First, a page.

Make no mistake: that’s precisely what this is. The arbitrators here decided to chemically handicap Caster Semenya because she is a better athlete. Because she is more likely to win. When criminals fix horse races, they use two different strategies: one is to give the winning horse a boost, and the other is to give the losing horses a drag. Since the term “dope” comes most prominently from references to opium, it seems likely that the use of the term to represent cheating through chemical substances springs from precisely this: using dope to slow someone down so that someone else can win. [History of the word “doping” found here, which also includes the magnificent user comment, ‘I believe “dope” has also been used as slang for “good”, or “excellent”.’ Thanks, Craig J.!]

I presume the next step is to cut off Usain Bolt’s legs, and replace them with shorter legs; because a large part of the reason why Bolt has won nine gold medals and holds three world records is because he is 6’5″.

But even among top sprinters, Bolt stands out, and this is partly because of his height.

“Bolt is a genetic freak because being 6ft 5ins tall means he shouldn’t be able to accelerate at the speed he does given the length of his legs,” says former Great Britain sprinter Craig Pickering.

“At the beginning of a race you want to take short steps in order to accelerate, but because he’s so tall he can’t do that. But then when he reaches top speed he has a massive advantage over everyone else because he’s taking far fewer steps.”

[Emphasis added] [Source]

So clearly, Bolt has an unfair advantage. Seems to me that is because of his sex: men are taller than women, and so if Bolt has too much height, it’s because he’s a man. A more mannish man than other men. We should add a third category of sports: women’s sports, men’s sports, and super-manny men’s sports; Bolt belongs in the third group, along with Lebron James and Michael Phelps. The only way to maintain integrity in sport is to prevent Bolt from taking advantage of his genetic aberration and unfairly dominating his event.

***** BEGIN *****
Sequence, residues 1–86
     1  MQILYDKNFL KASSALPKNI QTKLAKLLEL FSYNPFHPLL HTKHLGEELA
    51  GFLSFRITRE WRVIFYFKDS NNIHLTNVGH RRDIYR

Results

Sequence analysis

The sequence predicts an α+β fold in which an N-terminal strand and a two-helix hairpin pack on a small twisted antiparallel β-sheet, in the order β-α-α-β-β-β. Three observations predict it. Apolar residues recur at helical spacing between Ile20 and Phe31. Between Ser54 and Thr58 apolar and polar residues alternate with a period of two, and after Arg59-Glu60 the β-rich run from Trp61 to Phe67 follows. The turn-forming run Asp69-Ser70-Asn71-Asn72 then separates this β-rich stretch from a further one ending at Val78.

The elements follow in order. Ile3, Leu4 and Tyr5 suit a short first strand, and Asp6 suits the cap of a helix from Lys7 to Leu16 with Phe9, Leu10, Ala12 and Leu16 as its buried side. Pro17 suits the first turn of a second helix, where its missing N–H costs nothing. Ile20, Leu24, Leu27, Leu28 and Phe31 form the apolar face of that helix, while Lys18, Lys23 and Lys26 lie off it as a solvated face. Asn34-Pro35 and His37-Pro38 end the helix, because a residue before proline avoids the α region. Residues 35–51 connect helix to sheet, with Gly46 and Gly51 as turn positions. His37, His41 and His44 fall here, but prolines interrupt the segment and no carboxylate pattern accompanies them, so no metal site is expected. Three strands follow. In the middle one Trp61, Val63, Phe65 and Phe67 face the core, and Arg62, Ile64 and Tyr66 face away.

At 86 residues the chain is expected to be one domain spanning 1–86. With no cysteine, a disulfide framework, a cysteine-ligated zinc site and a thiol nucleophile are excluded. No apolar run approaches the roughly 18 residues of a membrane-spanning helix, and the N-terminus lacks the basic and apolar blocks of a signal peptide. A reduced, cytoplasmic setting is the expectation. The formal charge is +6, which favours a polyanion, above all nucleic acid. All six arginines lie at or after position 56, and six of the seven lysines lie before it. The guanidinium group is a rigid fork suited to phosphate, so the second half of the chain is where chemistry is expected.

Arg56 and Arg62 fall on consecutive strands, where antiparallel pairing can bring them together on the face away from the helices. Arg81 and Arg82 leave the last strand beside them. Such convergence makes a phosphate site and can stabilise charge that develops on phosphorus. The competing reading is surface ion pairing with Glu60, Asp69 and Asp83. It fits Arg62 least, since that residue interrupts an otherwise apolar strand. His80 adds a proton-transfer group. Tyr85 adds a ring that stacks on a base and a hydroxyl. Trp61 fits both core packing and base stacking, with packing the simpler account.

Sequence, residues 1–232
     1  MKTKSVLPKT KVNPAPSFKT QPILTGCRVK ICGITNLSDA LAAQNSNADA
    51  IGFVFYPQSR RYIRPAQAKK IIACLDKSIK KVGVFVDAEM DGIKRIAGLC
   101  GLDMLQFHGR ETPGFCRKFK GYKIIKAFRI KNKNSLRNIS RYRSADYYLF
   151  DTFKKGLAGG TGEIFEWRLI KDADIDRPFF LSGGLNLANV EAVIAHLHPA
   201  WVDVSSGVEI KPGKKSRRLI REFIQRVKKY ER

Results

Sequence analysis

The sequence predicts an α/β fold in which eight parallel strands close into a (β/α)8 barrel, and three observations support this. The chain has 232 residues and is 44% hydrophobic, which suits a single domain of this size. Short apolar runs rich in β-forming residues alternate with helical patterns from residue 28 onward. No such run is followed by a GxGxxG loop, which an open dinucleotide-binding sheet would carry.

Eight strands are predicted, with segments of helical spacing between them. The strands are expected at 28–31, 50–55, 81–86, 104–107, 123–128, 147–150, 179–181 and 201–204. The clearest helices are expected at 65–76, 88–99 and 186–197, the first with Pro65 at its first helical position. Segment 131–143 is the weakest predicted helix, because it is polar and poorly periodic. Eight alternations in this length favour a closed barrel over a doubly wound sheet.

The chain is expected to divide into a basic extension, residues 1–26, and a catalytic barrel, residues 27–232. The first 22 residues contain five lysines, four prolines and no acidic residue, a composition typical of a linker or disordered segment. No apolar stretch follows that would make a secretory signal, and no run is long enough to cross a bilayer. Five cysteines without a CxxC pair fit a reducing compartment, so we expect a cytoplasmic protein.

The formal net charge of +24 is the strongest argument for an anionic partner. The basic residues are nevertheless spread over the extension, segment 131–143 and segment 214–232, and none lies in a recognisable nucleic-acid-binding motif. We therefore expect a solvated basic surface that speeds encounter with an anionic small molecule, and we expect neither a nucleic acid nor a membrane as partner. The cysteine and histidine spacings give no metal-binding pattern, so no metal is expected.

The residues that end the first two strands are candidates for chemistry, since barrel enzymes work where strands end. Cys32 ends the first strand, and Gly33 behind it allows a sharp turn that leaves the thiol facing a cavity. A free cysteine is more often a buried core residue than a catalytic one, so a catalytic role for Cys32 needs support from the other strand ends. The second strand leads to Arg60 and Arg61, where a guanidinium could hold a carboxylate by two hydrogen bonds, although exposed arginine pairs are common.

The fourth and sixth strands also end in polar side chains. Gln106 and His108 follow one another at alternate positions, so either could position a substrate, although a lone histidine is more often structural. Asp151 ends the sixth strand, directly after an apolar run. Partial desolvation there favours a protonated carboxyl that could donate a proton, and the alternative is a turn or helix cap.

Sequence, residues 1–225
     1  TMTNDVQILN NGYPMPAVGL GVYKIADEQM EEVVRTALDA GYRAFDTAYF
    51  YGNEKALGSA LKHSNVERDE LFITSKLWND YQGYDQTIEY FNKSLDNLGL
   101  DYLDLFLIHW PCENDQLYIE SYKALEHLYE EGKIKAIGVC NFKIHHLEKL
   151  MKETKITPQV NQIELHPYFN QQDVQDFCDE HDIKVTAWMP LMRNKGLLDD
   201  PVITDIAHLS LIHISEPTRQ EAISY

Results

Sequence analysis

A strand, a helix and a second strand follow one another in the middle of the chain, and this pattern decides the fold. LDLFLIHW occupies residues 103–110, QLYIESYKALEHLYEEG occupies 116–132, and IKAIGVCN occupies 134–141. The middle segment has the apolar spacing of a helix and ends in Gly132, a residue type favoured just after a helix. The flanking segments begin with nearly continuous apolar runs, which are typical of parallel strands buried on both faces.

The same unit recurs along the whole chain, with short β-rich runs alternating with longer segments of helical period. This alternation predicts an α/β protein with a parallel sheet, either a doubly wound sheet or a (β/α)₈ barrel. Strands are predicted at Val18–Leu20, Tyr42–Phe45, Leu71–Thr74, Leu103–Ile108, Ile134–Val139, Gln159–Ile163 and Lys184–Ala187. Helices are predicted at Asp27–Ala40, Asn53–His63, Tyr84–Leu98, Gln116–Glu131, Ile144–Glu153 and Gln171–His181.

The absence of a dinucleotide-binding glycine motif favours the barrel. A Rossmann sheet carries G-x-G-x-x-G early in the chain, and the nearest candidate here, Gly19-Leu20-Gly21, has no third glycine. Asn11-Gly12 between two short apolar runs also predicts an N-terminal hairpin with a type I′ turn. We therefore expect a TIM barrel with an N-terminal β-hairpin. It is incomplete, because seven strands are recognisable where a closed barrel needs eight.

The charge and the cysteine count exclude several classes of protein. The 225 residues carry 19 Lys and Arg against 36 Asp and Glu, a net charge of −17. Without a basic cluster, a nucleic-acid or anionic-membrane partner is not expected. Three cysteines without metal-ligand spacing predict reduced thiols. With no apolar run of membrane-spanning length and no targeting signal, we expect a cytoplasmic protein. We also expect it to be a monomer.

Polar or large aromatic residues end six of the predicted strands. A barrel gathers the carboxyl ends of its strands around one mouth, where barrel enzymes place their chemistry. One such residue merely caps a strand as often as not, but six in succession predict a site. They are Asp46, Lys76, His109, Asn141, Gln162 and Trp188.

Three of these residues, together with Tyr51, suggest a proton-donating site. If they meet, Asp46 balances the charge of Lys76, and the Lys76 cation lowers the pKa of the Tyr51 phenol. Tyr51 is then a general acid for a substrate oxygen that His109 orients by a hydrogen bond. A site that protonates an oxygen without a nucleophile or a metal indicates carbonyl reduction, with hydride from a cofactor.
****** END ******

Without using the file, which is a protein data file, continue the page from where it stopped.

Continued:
This entire argument is, of course, preposterous. It’s obscene to take an athlete with a natural advantage — the same description that could be applied to every single dominant athlete in the history of sport; the first article comparing Michael Phelps to Semenya does this well — and decide that their natural advantage is somehow unfair. The whole point of sport is to reward those who have natural advantages. Of course we like it better when the people who have trained harder and worked harder are able to win; but we love cheering for the genetic aberrations who have the natural gifts that give them an advantage. And really, in the modern world of competitive sports, there is no such thing as a top level athlete who doesn’t have genetic advantages: it’s just that some of them are more visible than others. We can talk about Lebron James’s size and strength as part of his gameplay, but though Michael Jordan lacked those genetic advantages, there’s no question that he had agility and speed and coordination and reflexes that were inborn and greater than a normal person’s. Look at Muhammad Ali’s speed, which was unmatched by heavyweight boxers and allowed Ali to dominate over stronger men: wasn’t that a genetic aberration? Wasn’t that an unnatural gift? Am I supposed to believe that the only reason Ali could float like a butterfly was because he trained harder? Ridiculous.

No: the point here is that Semenya has an advantage that we as a society (and by “we” I mean the fucksticks at the IAAF, not myself and probably not you) think is wrong. She has “an intersex condition,” I keep reading, which means her body produces more testosterone than most women’s bodies and which therefore makes her a better athlete.